Altcoins are the cryptocurrencies that launched after the success of Bitcoin. As of early 2020, there were more than 5,000 cryptocurrencies by some estimates. Altcoins exist in different types. Altcoins accounted for over 34% of the total cryptocurrency market in first months of 2020.
“Altcoin” is a combination of “alt” and “coin” and includes all alternatives to Bitcoin. The success of Bitcoin as the first peer-to-peer digital currency launched the process. Many altcoins are trying to target the perceived limitations of Bitcoin. An altcoin must have a competitive advantage to beat Bitcoin.
Many of the them are built upon the framework provided by Bitcoin. Thus, most of them are peer-to-peer. They try to offer efficient and inexpensive ways to carry out transactions on the Internet. Even with many overlapping features, they vary in types.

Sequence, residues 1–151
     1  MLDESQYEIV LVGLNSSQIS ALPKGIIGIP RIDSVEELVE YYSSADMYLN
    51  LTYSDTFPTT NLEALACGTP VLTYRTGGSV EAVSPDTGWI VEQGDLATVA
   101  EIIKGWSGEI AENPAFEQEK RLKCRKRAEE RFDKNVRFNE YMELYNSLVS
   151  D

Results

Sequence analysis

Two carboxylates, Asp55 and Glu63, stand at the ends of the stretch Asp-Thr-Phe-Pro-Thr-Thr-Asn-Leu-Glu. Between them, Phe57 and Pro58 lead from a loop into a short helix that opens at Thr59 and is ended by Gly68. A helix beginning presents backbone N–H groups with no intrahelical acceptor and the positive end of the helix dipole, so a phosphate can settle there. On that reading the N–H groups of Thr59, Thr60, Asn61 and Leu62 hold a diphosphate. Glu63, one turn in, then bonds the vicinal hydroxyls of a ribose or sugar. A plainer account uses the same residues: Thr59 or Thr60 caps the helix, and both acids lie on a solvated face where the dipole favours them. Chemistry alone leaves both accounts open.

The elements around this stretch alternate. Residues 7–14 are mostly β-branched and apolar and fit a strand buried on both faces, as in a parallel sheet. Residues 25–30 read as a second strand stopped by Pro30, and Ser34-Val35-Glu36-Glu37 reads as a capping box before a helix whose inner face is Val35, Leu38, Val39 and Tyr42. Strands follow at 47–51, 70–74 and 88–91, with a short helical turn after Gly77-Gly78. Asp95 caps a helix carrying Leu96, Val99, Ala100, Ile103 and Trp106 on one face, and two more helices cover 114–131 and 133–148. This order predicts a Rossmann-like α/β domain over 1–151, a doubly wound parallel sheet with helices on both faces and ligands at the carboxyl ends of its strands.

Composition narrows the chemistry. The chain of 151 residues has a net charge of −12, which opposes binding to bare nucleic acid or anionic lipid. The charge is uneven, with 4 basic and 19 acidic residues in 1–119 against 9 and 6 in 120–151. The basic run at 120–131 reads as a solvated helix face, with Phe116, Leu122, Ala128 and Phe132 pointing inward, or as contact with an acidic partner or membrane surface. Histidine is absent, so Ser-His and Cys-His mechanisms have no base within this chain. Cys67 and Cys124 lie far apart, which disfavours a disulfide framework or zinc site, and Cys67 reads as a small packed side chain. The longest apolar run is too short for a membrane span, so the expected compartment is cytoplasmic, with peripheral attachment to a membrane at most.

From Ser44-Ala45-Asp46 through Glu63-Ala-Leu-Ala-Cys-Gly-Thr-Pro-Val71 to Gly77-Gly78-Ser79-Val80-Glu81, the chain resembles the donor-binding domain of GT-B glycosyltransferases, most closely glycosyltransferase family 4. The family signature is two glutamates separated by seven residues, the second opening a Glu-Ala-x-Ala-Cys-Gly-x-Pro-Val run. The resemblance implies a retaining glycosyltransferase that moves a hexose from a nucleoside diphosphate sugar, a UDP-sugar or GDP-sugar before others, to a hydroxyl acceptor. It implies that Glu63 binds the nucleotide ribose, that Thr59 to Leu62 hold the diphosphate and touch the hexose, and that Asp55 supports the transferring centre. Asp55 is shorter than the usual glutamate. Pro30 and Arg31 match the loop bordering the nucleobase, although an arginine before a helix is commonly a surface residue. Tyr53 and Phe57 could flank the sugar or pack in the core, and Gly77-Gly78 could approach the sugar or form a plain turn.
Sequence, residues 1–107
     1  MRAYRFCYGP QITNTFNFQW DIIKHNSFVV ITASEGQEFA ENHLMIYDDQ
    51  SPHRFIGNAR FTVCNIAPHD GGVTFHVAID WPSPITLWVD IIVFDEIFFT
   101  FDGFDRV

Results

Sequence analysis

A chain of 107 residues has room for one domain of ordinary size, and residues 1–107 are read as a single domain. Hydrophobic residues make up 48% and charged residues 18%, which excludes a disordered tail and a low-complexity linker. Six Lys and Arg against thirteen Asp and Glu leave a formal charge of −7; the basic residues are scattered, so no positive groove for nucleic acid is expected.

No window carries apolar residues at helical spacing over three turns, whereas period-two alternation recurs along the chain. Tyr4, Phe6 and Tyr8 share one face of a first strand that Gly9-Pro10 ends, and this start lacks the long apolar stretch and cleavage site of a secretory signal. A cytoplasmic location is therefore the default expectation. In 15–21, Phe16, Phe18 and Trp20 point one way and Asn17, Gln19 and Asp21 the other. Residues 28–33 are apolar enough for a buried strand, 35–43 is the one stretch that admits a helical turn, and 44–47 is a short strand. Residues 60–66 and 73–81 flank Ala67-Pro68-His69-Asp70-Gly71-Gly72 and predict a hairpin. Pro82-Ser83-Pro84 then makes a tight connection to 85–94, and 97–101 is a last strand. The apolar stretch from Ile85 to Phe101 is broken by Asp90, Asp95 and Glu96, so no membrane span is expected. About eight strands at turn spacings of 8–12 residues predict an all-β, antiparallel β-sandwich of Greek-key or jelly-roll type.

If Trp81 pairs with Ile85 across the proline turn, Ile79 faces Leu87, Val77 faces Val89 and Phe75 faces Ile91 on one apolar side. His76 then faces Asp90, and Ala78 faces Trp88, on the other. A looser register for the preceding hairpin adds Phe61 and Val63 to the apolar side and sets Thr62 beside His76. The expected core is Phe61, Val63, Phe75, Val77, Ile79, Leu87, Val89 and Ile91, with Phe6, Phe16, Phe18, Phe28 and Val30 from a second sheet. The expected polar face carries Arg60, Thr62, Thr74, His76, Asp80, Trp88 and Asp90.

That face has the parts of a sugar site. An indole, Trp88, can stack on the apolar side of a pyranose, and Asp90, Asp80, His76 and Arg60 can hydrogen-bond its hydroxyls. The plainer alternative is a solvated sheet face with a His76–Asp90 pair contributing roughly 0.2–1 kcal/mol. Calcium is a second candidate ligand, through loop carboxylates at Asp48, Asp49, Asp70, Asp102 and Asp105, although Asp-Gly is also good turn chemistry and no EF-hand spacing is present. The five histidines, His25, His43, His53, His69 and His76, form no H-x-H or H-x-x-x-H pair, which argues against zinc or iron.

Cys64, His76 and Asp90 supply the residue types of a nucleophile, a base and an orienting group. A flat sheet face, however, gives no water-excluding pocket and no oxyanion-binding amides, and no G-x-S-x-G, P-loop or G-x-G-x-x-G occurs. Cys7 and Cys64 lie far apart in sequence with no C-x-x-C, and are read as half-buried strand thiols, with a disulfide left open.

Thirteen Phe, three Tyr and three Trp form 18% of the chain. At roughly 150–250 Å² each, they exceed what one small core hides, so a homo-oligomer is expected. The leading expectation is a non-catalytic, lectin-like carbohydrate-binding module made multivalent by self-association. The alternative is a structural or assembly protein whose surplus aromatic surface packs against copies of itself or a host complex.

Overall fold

As they evolved, distinct categories emerged. Some of the main types of altcoins include mining-based cryptocurrencies, stablecoins, security tokens, and utility tokens. There is also some movement toward separating most of these types from altcoins. Maybe in the future altcoins refer only to mining-based cryptocurrencies other than Bitcoin.
These altcoins have a mining process by which new coins are generated by solving challenging problems to unlock blocks. They are more similar to Bitcoin. Most of the top altcoins in early 2020 fell into this category. Ethereum is the most famous mining-based altcoin as of February 2020.
Stablecoins seek to improve on Bitcoin by reducing volatility. In actual practice, this is achieved by tying the value of the coins to existing currencies such as U.S. dollar, the euro, and gold. Facebook’s Libra is by far the most famous stablecoin.
These altcoins are linked to a business, and they often launch in an initial coin offering (ICO). Security tokens resemble traditional stocks, and they often promise some type of dividend like payout or ownership in a business.